The Australian market was higher last week with the ASX 200 index grinding towards 6,000 points, a level that has not been experienced since before the global financial crisis. The Australian market followed a broad-based rally as investors continued to take an upbeat view on the outlook for global economic growth. The market was supported by the unveiling of a tax bill by U.S. Republicans that includes a permanent corporate tax cut from 35% to 20% and a consolidation in the number of tax brackets for individuals. In company news, Oil Search Limited fell after spending US$400 million to acquire stakes in several oil assets in Alaska. Myer Holdings was lower after the embattled retailer posted a fall in sales and cut its longer-term targets for earnings growth due to “heightened competition and subdued consumer sentiment”. Woolworths jumped higher after first-quarter sales results indicated that the company outpaced its key rival, the Wesfarmers-owned Coles for the third straight quarter.
In global markets, Wall Street was mostly higher with the major indices wrapping up a strong October this week as quarterly earnings results kept equities drifting near all-time highs. The Federal Reserve said economic activity had been picking up at a “solid rate” compared with the “moderate rate” it had referenced in September. The Fed’s rosier view of the economy also suggests it is on track to hike interest rates in December, as has been widely expected. After weeks of speculation, Donald Trump picked Jerome Powell as Janet Yellen’s replacement for Chair of the U.S. Fed next year. This is a signal of continuity if the Senate confirms the appointment.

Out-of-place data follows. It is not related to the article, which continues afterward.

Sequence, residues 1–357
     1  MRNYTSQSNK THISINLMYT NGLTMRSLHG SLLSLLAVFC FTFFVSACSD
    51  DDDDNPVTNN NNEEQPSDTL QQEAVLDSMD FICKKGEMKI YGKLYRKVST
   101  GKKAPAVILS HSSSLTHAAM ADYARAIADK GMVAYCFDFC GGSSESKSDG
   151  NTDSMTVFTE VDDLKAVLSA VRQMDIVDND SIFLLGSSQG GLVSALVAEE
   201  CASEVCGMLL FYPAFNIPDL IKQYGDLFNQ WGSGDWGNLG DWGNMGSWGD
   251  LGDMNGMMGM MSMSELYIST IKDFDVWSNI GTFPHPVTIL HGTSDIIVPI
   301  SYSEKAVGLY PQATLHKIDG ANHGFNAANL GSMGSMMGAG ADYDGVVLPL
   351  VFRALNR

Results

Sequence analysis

European markets were higher as global equities rallied following corporate earnings results. Concerns over political tensions in Catalonia eased as the ex-Catalan President, Carles Puigdemont, agreed to a snap election. The Bank of England raised interest rates by 25bps to 0.50% in order to return inflation, which the BOE expects to peak above 3% in October, to a sustainable level.
Asian markets were mostly higher despite cautious trading ahead of Trump’s U.S. Fed Chair decision. The Australian dollar was higher against most major currencies this week except for the Euro. The British pound plunged against the Euro despite the Bank Of England’s decision to raise rates because the central bank adopted a more dovish than expected tone.